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Photograph by Kevin A. Roberts
Charlene Bry’s new book, Ladue Found, is already in its second printing, and it’s little wonder. The nation’s 28th-wealthiest city packs a lot of secrets, customs, and history into its 8.6 square miles. Bry (pronounced “bree”) introduces Madam Mae Traynor, who ran a brothel behind a white picket fence at 6 Town and Country Drive, and a slave “owned”—in the parlance of the time—by Thomas McKnight, Joseph, who claimed he was the son of Thomas Jefferson. Then there were the Roma, or gypsies, who camped annually at the creek just south of German Boulevard. Locales include the County Fair, held back when Busch’s Grove was a stagecoach stop, and the Bridlespur Hunt Club, near where Plaza Frontenac is now. And she writes about people she calls “the crème of the crop,” a perfect mixed metaphor for farmland that now holds estates like 3 Apple Tree Lane, modeled after the Rothschild chateau outside Paris. Bry married into Ladue and saw it fresh; over the years, she marveled at the serenity and grace of its ways. “How could no one have written a book on Ladue in 150 years?” she asks. “It had to be done.”
You paint an idyllic picture of childhood in Ladue. What was your childhood like?
My early neighborhood was St. Louis city, Blackstone Avenue. From my house to my cousin’s house was three feet, and across the street was an outdoor movie theater, and my brother would walk me there on Friday nights. It cost three hangers and a Coke bottle to get in. Easton Avenue was like walking in New York City—there were all kinds of people, and grocery stores with flies, and the coal man would come by in a black plume, and the iceman on a wagon. It was such a rich, rich environment.
You met Richie Bry at a party—was it love at first sight?
No, not for me. I don’t think it was for him, either. It was the ’60s, and I guess I had on fishnet stockings; that might have been an attraction! He called me for a date, and the first person I called said, “Definitely do not go out with him.” He didn’t think Richie was ready to settle down.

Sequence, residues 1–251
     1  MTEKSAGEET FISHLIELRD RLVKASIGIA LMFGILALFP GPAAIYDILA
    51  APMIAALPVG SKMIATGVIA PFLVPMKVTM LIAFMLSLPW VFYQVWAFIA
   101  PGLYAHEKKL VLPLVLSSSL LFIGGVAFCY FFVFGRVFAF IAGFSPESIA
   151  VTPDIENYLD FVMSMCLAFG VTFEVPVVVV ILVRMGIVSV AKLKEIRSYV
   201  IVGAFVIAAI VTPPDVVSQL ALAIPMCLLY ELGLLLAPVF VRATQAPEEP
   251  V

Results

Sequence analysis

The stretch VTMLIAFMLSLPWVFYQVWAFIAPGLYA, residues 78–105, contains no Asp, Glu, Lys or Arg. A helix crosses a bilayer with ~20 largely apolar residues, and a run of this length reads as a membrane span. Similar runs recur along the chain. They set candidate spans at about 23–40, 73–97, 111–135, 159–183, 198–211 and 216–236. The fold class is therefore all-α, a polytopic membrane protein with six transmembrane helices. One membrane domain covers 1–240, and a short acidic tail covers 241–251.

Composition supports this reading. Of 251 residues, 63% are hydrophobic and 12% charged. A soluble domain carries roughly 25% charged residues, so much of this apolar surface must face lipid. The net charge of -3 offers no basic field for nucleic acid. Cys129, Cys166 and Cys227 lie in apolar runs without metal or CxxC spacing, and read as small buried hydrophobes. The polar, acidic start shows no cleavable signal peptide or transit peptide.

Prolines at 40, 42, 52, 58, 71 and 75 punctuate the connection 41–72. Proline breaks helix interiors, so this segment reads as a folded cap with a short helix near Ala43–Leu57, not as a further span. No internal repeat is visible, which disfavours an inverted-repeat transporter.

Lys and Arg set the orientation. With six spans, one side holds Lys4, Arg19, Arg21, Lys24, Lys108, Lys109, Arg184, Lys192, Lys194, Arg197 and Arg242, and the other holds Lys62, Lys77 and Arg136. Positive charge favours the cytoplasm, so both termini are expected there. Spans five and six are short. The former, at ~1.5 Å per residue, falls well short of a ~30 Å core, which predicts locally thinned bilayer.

Well, he proposed to you not long after, in one of the huts at Busch’s Grove. You went from drinking sloe gin fizzes to sipping Scotch—any other adjustments?
Oh, everything was new. I had to watch—oh, she’s using that fork, I will too. And where your dinner roll went, and how to write thank-you notes. I don’t think I really got Ladue until I moved here. I knew it was a gorgeous place; I remember thinking how green it was. I’d dated another boy from Ladue, and I remember the butler coming in with 10 steaks, and me asking why, because there were only four of us. Totally the most inappropriate thing to say! It was a totally different lifestyle. But you get used to it.
Did people accept you readily?
They were so polite. They made me feel at home. We went to a party at the country club, and Richie introduced me to some people, and five minutes later, people came up, and they all knew my name. They take the time out to say, “Oh, and what is Richie’s girlfriend’s name?” And Pris McDonnell clearly knew that I didn’t know that many people, and we talked for half an hour. I didn’t realize I should have said, “Pris, I know you have other people to talk to.” She was so interesting, and so beautiful, and so much fun to talk to. So they accepted me into society, even though I was from a whole different universe. Although a lot of people just thought I was from out of town.
You were pretty frank about your origins, though.
I’ve always been really upfront. They would say Mary I. [Institute], and I would say, “Oh, I went to U. City!” I was proud of it.
How did you start to get involved?